Tanks (vehicle)

What are the pros and cons of the Sherman medium tank?

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August 16, 2011 11:29PM

The pro side was that they were cheap, easily produced and the US

was able to put many of them into the field quickly.

The con's include the lack of firepower and armament, the lack of an

adequate defense and because they were fueled by gasoline they lit

up like torches when hit. They were called Zippos because they were

guaranteed to light up every time.

In addition, the Sherman was a Medium Infantry tank - its primary mission was to support infantry, not go head-to-head with the much heavier German tanks (the Panther and Tiger series). As such, it was intended to attack fortified pillboxes and strongpoints, provide fire support, and counter light armor. It thus had a medium-velocity mid-size gun, which proved excellent for use with high-explosive rounds (which, against masonry and concrete, are highly effective). The lack of sloped armor on the hull sides made manufacture much simpler, as did the rotary gasoline engine (which was simple to make, and even simpler to service in the field). Finally, its light weight meant it could easily use bridges which could not support many other tanks, as well as making it easy to adapt for a variety of unusual services that heavier tanks were unsuitable - floating tanks and anti-mine tanks, are some of many adaptations made to the Sherman.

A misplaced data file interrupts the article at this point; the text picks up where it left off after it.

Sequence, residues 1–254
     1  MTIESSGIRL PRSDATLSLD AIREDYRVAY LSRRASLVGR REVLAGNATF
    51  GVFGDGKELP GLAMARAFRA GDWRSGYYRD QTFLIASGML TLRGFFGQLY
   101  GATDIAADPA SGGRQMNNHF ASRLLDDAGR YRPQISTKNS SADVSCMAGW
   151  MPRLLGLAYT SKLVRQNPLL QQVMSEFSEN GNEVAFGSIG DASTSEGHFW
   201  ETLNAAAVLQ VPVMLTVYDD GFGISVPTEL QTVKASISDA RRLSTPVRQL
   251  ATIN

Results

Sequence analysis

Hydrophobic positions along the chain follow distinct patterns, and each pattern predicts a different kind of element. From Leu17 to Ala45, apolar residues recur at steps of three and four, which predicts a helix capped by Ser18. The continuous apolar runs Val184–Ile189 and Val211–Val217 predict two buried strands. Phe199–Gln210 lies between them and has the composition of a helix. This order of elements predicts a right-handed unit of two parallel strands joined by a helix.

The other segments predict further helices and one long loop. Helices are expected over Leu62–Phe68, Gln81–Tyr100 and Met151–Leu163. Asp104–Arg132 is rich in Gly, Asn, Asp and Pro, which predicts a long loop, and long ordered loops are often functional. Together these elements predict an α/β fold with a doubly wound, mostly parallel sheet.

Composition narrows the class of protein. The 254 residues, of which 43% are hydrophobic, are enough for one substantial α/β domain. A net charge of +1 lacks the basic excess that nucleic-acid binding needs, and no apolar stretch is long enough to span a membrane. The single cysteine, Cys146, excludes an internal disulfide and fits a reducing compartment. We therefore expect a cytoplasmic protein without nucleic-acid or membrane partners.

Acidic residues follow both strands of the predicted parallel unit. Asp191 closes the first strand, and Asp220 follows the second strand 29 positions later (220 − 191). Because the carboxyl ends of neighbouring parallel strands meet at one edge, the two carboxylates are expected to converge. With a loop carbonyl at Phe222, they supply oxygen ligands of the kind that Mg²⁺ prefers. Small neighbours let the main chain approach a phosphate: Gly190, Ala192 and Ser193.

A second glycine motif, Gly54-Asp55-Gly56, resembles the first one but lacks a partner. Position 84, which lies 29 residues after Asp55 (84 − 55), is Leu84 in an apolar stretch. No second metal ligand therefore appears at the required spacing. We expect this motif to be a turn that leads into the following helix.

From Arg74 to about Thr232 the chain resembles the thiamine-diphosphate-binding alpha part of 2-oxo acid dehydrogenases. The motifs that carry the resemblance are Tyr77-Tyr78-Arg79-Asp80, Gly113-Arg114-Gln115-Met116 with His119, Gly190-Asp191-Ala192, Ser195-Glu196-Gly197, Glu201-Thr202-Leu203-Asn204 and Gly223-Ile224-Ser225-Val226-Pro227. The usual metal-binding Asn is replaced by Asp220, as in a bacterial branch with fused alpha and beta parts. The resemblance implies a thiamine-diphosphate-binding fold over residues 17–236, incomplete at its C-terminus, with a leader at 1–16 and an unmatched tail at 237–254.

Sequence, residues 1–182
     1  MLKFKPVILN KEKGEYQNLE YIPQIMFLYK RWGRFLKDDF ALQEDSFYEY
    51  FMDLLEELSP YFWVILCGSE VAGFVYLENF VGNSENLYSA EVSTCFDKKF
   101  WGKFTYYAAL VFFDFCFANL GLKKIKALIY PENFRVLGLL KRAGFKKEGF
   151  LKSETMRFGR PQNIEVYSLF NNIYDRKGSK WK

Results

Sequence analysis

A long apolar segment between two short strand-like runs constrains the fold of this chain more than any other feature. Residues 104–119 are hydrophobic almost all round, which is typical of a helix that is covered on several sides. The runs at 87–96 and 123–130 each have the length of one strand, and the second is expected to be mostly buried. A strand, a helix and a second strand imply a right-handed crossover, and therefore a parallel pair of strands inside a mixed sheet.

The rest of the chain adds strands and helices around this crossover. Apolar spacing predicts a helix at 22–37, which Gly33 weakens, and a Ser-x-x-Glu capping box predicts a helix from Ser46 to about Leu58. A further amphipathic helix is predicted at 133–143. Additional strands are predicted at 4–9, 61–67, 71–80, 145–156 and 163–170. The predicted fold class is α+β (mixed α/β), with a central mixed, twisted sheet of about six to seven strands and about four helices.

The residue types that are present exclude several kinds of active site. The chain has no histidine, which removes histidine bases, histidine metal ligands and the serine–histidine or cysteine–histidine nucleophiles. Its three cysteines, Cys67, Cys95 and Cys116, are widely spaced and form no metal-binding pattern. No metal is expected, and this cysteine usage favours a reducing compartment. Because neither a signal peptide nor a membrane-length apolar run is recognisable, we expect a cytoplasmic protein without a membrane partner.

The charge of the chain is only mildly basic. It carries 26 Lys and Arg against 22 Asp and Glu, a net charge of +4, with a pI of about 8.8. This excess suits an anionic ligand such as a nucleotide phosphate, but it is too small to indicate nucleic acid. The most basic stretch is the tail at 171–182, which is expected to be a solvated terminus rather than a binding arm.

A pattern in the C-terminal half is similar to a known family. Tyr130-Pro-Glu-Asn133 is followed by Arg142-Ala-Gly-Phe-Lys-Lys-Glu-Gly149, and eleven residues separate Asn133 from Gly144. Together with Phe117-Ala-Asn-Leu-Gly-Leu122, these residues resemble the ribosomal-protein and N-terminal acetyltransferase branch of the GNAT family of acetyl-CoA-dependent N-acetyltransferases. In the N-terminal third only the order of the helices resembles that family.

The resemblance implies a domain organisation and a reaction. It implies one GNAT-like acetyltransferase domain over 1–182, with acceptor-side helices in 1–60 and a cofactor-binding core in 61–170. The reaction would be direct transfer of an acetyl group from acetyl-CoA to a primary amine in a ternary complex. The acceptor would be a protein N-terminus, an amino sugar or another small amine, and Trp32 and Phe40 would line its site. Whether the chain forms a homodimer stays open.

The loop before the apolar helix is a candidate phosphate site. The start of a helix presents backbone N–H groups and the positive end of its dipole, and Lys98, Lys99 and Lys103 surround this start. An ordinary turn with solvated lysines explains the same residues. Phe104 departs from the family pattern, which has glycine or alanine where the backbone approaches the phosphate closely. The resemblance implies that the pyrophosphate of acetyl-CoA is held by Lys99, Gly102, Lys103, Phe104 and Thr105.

Thus, the Sherman was optimized for very high rate of production, ease of service in the field, and for use in a scouting and infantry support role.

Unfortunately, the Sherman frequently found itself pressed into service in roles it was entirely unsuitable for, particularly when put up against much, much heavier German tanks and high-powered anti-tank weapons. The armor arrangement of a Sherman was suitable protection against up to 60mm medium-velocity or 40mm high-velocity rounds (as those found on the Panzer III & IV series), whereas the Panther and Tiger tanks used 75 or 88mm high-velocity weapons (as did the feared 88m anti-aircraft gun). The gasoline engine (a benefit in the cold weather vs a diesel one) quickly became a huge liability there, as the insufficent armor protection meant that a Sherman would catch fire quickly. In addition, the Sherman lacked a proper ammunition storage system, as most rounds simply sat on the floor. Naturally, this is a horrible thing when the armor is pierced - almost as many Shermans blew up from a hit as caught fire.

Similarly, the original engine in the Sherman was of sufficient power to move the tank at good speeds; however, as serious field modifications radically increased the weight of the tank, the engine and transmission became overtaxed and resulted in significant maintenance issues.

Bottom line: the Sherman was a good design (and, in the end, a war-winning one), but one which had severe limitations when pressed into service for purposes which it wasn't designed for. Unfortunately, due to the lack of production of the M-26 Pershing and similar heavy Allied tanks, the Sherman frequently found itself being used in circumstances where its limitations were quickly exposed, usually to the serious detriment of its crew.